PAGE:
We’ve seen the mug shot – droopy and listless eyes, saggy face, dishevelled features.
I am sure my mugshot is similar.
There has been a lot of hand-wringing from barstool therapists and sober champions alike who have been quick to jump on the idea that Tiger Woods is a drug addict. I have watched many folks online tweeting about this and immediately making assumptions about Eldrick Tont Woods and his issues. It was quite astounding at how many people made their diagnoses without having any other information other than a picture and a meek apology from the golf star himself.
I read an excellent article this morning about this. There have been a few insightful articles concerning this as well, and what it comes down to is that we don’t know Mr. Woods. I certainly don’t. We are familiar with his amazing golf accomplishments and beyond elite-level play. We know about his millions of dollars, his endorsements and his choice of female companionship. But very few actually know the man. And in that regard, I cannot state much about his personal life. And that includes whether or not he’s an addict.
It’s unfair of me to label him without knowing it all. And even then, it’s not my place to do so.
One large part of recovery is in sharing our stories. Why do we do that? Why bother? I mean, we all knew how to drink. We know the lows, the depression, the hangovers, the destruction of relationships and jobs. We understand this. Yet why do we share our stories?
It’s simple – so that others can identify.
It wasn’t until I was at a 12-step meeting and I heard a man tell his story that I realised that I was truly an alcoholic. It was like this guy was reading my mail – he described me to a tee. I could identify with how he felt, how drinking affected him, how he acted out and behaved. And since then I have heard countless other tales, from teenagers to seniors, from all different socio-economic and cultural backgrounds, discuss alcoholism in a way that I truly understood. I was one of them.
When I see a newcomer at a meeting, I don’t assume they are an alcoholic. Most would. It seems fair enough that if someone decides to go to a 12-step meeting, then they certainly must be an alkie. But that is not often the case. There are a lot of heavy drinkers who may have been told they were alcoholics. Or perhaps loved ones have urged them to go. But I have seen many people in the rooms who weren’t alcoholics. They didn’t identify. They didn’t see themselves in anyone. They realised later on that they did have the power and control over alcohol that we alcoholics simply do not. They just chose to drink. I never had that choice deep into my alcoholism.
The most powerful step is that first step where one self-identifies as an alcoholic. I can’t, nor do I tell anyone, that they’re an alcoholic or not. It’s not my job. But I can discuss what it was like for me, and to share some literature and let them decide for themselves. Even when I think that there is a 99% chance that they are an alcoholic, it’s still not up to me to diagnose them. It needs to come from them, from their churning guts and foggy spirit.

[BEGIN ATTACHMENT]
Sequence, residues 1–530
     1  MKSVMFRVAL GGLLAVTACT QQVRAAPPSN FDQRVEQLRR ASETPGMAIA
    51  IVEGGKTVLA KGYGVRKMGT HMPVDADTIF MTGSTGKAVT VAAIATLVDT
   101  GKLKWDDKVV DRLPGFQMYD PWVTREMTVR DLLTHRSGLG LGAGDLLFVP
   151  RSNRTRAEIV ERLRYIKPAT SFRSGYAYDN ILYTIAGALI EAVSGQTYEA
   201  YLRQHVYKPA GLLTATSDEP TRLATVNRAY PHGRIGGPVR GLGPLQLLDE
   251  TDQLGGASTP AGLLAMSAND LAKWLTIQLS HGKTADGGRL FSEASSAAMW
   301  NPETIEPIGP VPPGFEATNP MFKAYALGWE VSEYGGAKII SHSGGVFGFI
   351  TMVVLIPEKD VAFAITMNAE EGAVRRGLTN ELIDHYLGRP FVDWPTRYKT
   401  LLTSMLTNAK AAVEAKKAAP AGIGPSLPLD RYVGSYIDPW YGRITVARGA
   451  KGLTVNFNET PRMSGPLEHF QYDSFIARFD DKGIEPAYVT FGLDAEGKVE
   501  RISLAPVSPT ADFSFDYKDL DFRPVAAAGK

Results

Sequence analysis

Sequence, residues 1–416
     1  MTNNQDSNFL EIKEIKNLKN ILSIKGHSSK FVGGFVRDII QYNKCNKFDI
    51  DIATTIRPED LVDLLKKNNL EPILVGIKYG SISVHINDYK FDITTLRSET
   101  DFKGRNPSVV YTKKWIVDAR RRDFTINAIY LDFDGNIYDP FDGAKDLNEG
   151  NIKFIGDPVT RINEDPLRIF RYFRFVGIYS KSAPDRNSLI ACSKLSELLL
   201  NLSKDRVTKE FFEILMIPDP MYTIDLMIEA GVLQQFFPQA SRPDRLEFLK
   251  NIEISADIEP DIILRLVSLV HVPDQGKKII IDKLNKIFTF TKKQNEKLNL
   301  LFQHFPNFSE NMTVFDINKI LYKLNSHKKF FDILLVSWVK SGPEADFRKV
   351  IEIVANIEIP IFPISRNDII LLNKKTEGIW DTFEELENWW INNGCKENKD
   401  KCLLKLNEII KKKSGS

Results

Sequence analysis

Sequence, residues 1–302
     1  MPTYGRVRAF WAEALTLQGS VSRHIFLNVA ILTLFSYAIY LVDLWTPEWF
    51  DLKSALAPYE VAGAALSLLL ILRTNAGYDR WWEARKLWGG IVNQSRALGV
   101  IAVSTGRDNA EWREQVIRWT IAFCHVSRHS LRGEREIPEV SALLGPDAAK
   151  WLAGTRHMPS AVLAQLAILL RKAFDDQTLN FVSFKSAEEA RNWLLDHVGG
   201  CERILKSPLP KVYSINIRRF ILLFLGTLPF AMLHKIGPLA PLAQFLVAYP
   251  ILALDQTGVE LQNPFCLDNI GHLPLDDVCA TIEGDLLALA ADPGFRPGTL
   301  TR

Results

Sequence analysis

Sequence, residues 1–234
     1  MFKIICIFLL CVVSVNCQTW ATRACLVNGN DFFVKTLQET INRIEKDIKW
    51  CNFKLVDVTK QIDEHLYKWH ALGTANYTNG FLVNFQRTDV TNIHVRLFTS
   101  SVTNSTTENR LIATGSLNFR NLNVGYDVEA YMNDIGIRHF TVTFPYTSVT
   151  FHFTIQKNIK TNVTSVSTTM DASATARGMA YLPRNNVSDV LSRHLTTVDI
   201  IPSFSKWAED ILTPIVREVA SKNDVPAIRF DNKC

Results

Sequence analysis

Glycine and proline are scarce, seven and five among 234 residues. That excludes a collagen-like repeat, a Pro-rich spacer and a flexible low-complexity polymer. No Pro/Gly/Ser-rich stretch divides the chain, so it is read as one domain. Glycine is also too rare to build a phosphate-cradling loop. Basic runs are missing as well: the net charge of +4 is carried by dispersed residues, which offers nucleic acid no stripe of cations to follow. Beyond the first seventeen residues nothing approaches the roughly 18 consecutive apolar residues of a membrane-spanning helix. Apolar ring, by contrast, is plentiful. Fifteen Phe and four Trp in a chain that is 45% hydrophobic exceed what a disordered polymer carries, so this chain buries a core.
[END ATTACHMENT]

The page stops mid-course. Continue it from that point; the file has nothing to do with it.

Many clean and sober folks are often the first to make the leap and start pointing fingers at someone who they think should be joining the ranks of recovery. I understand that we see many things in them that we see in ourselves, but I feel it’s unfair for me to slap a label on someone I don’t know. As that one article states, many people make dumb mistakes involving alcohol and drugs, and often that includes getting behind the wheel. Not everyone with a DUI is an alcoholic. I have a DUI and I am an alcoholic, but I am in the minority. Most of the people in the DUI class I had to take as part of my license reinstatement were people who made lapses in judgement. In fact, a few of them mentioned that they were busted while reaching into their glove compartments, car off, keys in pocket, to get the business card of a designated driving company.
I once wrote a post on this blog about our troubled ex-mayor, Rob Ford, discussing whether he was an alcoholic or not. I pulled the post after a day or two because I felt that it wasn’t my place to make that decision. I wasn’t being fair and I didn’t know that man. I only knew what I saw in the newspaper.
So is Tiger Woods an addict? I have no idea. But it’s up to him to decide. He may have mixed those medications as he stated and perhaps that will be last we hear of it. Is his sex addiction finding another outlet? No clue. I am not his sponsor or his therapist. I am not him.
My role in recovery is to focus on my recovery, and to be of service to others. That’s it. It’s not about trying to shame others or to pigeonhole them as one thing or another. It’s about just being there and showing others that it can be done. And if and when those who struggle want to be a part of recovery, I welcome them with open arms.
Until then, it’s none of my business.